Corporations are in business to create goods and services, not engage in financial games. Over time, excessive focus on short-term stock market manipulations can not only use up too many resources, but also detract attention from activities that will lead to long-term growth such as research and development and innovation.

Another reason for wage stagnation in some industries is the increasingly global nature of the economy. For manufacturing industries, it is challenging to compete on price with goods produced in countries with low wage rates. The need to hold down costs is a reality, and wages are a substantial component of costs. Automation can help increase productivity, with more output from the same workforce, and many firms find it more cost effective to invest in equipment and technologies rather than workers. Survival is at stake, and businesses have a fiduciary responsibility to shareholders.

The real question is how to fix the situation. It is unrealistic (and even undesirable) to expect companies to pay wages that jeopardize their ability to remain competitive in the long term. As an economic concept, a minimum wage is almost always a bad idea, contributing to slower hiring. From a social perspective, it can be justified to eliminate abuses stemming from substantial variations in bargaining power and to maintain a minimum return to workers. Legally forcing higher wages well beyond those supported by market conditions, however, is bound to backfire and hurt the very people it is intended to help.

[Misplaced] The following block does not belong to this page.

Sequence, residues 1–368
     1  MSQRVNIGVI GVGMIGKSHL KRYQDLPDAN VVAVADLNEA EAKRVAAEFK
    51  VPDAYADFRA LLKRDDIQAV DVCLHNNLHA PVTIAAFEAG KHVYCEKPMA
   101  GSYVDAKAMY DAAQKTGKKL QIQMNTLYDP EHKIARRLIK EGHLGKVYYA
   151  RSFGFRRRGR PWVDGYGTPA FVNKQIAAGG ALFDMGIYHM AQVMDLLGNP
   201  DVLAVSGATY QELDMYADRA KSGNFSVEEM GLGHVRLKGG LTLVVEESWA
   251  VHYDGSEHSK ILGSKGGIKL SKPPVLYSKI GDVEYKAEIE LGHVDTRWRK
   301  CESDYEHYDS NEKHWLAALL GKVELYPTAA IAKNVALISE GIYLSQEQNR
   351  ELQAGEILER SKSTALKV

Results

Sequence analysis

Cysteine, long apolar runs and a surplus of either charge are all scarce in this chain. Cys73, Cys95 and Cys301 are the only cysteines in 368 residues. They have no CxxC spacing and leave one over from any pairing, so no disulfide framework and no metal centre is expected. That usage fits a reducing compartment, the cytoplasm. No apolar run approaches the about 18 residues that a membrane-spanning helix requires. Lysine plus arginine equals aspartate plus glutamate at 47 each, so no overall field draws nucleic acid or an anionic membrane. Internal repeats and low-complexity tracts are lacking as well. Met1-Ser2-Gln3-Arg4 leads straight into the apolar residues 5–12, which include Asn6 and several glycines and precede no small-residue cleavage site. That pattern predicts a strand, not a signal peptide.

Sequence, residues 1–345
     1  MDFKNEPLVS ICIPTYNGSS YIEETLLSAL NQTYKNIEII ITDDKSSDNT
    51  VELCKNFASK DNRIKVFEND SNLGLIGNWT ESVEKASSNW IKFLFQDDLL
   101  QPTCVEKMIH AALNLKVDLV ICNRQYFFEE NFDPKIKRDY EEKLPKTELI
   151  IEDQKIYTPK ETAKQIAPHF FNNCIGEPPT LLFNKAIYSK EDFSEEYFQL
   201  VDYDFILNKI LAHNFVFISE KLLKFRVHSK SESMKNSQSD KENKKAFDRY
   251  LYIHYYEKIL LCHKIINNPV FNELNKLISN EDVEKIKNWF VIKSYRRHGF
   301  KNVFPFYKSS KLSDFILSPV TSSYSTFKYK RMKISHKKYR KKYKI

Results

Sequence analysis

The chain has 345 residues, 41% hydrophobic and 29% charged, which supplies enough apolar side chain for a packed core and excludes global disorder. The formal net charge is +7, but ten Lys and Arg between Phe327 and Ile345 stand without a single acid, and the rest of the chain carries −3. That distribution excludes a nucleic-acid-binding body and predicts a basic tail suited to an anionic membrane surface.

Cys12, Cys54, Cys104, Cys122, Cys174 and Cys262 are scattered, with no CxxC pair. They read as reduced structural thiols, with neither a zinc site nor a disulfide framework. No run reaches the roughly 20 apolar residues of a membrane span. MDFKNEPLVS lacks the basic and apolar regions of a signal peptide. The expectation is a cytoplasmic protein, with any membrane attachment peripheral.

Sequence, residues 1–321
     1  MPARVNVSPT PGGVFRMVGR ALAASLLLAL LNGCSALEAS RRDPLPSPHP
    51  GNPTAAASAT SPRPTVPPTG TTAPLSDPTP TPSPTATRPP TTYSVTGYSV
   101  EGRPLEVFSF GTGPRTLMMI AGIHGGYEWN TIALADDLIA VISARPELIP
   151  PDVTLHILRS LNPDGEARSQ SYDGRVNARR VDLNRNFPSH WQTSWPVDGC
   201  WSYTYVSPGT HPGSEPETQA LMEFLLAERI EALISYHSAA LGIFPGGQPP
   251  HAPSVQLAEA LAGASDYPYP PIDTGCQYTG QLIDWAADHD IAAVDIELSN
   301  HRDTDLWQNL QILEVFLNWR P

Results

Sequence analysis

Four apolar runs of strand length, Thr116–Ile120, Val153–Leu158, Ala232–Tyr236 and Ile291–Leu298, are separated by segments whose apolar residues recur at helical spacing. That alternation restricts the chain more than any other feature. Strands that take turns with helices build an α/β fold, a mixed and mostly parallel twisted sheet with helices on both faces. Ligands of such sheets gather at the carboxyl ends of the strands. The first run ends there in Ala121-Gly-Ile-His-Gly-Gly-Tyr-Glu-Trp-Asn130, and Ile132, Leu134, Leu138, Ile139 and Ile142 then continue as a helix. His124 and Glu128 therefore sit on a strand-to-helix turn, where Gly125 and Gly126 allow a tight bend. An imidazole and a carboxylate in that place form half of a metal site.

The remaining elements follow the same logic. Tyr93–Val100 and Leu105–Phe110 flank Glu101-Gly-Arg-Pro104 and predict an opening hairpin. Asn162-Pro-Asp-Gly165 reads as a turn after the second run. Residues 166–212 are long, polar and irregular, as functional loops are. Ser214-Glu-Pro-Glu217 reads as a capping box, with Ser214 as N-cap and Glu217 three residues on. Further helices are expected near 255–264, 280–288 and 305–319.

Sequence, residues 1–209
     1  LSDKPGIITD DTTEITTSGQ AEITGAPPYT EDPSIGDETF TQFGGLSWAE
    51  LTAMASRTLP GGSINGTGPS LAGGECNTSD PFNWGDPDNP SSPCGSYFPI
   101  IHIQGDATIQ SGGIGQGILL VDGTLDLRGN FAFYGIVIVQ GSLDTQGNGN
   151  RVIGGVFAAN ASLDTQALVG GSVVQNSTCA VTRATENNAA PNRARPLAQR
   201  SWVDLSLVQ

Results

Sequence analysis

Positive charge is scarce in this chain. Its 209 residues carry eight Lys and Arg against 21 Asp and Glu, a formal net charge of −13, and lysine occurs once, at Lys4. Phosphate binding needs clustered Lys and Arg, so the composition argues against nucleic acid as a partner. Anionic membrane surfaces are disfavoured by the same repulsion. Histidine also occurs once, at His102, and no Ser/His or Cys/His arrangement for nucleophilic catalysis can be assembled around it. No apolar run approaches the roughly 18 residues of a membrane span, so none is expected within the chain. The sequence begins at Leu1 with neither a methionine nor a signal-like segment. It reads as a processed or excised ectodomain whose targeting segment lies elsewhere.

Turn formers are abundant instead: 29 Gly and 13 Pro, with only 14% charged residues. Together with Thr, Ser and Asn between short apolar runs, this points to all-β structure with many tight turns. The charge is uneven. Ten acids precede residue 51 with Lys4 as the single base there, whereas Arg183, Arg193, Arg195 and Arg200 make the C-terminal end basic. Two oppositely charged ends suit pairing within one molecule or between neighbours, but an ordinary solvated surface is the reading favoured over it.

Another aspect of the pattern which is crucial to long-term prosperity is recognition that it is appropriate and desirable to reward those who drive innovation. It is no bad thing that an inventor of a new technology, software application, or other good or service for which there is high demand receives financial rewards. We need that innovation, and encouraging it with dollars is beneficial to all.

There may well be tweaks to regulations regarding corporate stock purchases which could discourage firms from excessive buybacks designed to boost stock prices. There are also likely avenues to reduce uncertainty and costs of having employees (such as requirements related to the provision of medical insurance and the associated costs). Workers may be able to enhance earnings prospects in various ways. Over time, wages may be bid up as the U.S. workforce shifts with the aging of the baby boomers. This pattern was slowed by the great recession, but appears to be resurfacing in recent data.

Incentivizing corporations to invest in employees is challenging, and forcing the issue could make the problem worse. From an individual perspective, financial prospects can be enhanced by identifying those jobs with better wage prospects and preparing for them through education and training. All in all, stagnant wages are a difficult issue, and it is crucial to tread carefully in trying to improve the situation.